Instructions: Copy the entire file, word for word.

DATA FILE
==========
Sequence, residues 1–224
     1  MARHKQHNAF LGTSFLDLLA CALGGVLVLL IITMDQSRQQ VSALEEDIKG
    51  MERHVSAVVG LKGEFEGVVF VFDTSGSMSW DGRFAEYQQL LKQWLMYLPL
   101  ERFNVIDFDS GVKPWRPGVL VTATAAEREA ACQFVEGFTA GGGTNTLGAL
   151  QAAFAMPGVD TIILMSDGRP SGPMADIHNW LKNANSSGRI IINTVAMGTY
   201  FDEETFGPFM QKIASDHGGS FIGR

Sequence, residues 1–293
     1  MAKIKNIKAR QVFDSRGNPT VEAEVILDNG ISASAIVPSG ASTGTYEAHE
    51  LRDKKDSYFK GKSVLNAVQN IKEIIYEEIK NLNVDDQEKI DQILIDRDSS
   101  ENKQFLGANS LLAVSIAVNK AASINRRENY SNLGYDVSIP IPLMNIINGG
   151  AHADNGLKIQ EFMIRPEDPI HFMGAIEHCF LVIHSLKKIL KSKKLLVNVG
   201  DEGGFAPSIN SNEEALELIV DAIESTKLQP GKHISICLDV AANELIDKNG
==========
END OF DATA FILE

Sequence, residues 1–224
     1  MARHKQHNAF LGTSFLDLLA CALGGVLVLL IITMDQSRQQ VSALEEDIKG
    51  MERHVSAVVG LKGEFEGVVF VFDTSGSMSW DGRFAEYQQL LKQWLMYLPL
   101  ERFNVIDFDS GVKPWRPGVL VTATAAEREA ACQFVEGFTA GGGTNTLGAL
   151  QAAFAMPGVD TIILMSDGRP SGPMADIHNW LKNANSSGRI IINTVAMGTY
   201  FDEETFGPFM QKIASDHGGS FIGR

Sequence, residues 1–293
     1  MAKIKNIKAR QVFDSRGNPT VEAEVILDNG ISASAIVPSG ASTGTYEAHE
    51  LRDKKDSYFK GKSVLNAVQN IKEIIYEEIK NLNVDDQEKI DQILIDRDSS
   101  ENKQFLGANS LLAVSIAVNK AASINRRENY SNLGYDVSIP IPLMNIINGG
   151  AHADNGLKIQ EFMIRPEDPI HFMGAIEHCF LVIHSLKKIL KSKKLLVNVG
   201  DEGGFAPSIN SNEEALELIV DAIESTKLQP GKHISICLDV AANELIDKNG